Cheryl’s words rang true, like festive bells during the holiday season. Once again, I took comfort in knowing that another soul was hard at work pursuing the art of creative writing.

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Sunday, January 02, 2011

“Hamglaze Holiday”

c. 2010 Rod Ice
All rights reserved

It was a chilly day at the Get Go in Chardon.

Holiday decorations dangled from the counter. Local shoppers were busy buying gasoline, gift cards, and snacks. But I had come to meet an old friend.

She was waiting when I arrived.

Carrie Hamglaze was bundled up in layers of Hilltopper red and Irish green. She trundled across the store with melting snow dripping from her wool hat.

“Rodney!” she exclaimed. “I’m so glad you are here!”

I nodded with a grin.

“Of course,” I said. “We haven’t talked in months. But, why at a fuel depot? Wouldn’t you rather go to New York Deli or Joey’s Italian Grille?”

My friend offered a stern reply.

“It had to be here!” she insisted. “Get Go has the best coffee! And I had free coupons!”

“Right,” I agreed.

She took a seat by the window, then opened her purse.

“I’ve got one for a free hot beverage and a breakfast croissant,” she bragged. “It’s in my bag, somewhere…”

A helpful clerk gestured from the counter.

“Never mind, Carrie,” she laughed. “We know you here.”

I unzipped my leather jacket. Frost made my nose tingle.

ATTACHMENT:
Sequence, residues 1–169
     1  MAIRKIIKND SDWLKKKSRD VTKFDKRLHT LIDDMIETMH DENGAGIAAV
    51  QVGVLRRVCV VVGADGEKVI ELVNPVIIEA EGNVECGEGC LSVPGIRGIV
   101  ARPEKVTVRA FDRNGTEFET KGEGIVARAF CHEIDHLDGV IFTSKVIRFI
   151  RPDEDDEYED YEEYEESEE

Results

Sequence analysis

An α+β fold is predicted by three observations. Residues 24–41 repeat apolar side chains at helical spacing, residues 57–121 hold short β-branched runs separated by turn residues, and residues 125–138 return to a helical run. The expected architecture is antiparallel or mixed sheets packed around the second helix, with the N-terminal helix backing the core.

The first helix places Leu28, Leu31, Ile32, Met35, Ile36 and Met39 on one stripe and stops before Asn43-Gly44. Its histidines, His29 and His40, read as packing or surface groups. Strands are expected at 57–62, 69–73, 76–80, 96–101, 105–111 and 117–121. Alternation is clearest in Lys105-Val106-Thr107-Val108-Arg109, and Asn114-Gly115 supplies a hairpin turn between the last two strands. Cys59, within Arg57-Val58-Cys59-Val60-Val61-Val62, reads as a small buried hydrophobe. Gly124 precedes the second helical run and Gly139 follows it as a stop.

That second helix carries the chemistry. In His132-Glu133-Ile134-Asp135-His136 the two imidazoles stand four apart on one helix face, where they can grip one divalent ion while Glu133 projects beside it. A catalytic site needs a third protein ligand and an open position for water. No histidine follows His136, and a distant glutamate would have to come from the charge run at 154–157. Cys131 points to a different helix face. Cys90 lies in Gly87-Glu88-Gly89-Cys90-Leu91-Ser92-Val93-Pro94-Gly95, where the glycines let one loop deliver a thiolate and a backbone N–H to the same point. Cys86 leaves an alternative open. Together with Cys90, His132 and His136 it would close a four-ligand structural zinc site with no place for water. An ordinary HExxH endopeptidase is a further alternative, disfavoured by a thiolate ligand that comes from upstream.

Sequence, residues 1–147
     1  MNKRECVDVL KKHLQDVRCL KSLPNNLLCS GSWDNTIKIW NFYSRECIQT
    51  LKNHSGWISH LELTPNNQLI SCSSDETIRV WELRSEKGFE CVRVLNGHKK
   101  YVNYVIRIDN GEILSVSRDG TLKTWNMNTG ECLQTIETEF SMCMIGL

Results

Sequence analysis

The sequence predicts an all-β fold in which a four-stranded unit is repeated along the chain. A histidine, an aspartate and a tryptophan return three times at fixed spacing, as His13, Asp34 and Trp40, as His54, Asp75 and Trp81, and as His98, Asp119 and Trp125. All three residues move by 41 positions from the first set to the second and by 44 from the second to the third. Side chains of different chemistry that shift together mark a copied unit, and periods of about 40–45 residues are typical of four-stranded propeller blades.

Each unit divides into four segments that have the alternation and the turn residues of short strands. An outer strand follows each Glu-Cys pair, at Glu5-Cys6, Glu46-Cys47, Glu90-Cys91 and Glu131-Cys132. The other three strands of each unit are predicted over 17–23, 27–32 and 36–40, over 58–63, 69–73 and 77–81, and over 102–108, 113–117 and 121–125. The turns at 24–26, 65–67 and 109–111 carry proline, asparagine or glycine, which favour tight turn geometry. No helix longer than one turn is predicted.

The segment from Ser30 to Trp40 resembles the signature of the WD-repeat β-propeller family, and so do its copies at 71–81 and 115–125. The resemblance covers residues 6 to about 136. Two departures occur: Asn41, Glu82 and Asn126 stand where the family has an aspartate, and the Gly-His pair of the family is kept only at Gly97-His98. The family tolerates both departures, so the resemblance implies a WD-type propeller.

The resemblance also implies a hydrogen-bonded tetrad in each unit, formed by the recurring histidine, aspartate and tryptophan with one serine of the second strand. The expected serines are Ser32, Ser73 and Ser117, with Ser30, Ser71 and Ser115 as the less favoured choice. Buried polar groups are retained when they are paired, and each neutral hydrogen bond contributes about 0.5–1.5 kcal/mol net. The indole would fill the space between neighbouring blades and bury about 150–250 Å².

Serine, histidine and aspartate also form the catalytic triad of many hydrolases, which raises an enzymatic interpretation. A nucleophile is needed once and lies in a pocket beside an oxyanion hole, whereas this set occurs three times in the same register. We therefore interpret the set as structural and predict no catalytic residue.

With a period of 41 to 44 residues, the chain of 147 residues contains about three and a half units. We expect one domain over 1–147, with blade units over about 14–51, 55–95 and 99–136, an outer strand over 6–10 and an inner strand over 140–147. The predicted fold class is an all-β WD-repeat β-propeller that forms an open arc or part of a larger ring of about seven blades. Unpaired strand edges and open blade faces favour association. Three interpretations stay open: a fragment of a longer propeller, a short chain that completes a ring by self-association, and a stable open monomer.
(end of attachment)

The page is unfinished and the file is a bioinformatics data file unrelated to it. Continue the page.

“So, what have you been writing about lately?” Carrie asked.

“Well,” I explained, “A red shopping cart from Fisher’s Big Wheel appeared at a local flea market, over the summer. It was stashed behind their main building. Being used to move goods around, I reckon. Anyway, that put me in a nostalgic mood. I left my business card in case the item was for sale. But they never called back.”

My friend sat upright in her chair.

“So, did you ever buy it?” she chirped.

I nodded again. “Yeah, in the fall. An offer of twenty dollars sealed the bargain. They must’ve thought I was crazy. But Big Wheel was where my retail career began.”

I took out my cell phone and showed her a photo of the cart.

“There were two sizes used by the company,” I recalled. “This is the smaller version.”

Carrie crinkled up an outdated coupon.

“Blast it!” she complained. “That was for a free fountain drink and bagel sandwich! But I waited too long.”

I was slightly embarrassed. My face reddened in the pale sunlight.

“Sorry,” she coughed. “So, you worked at Big Wheel?”

“Beginning in 1984,” I said. “They were doing a remodel at the time...”

“I don’t remember much about that store,” she confessed.

I took a folded sheet of paper from my pocket. “There is so little information left about the company. But I found a couple of paragraphs on Wikipedia.”

Quietly, I began to read the page out loud: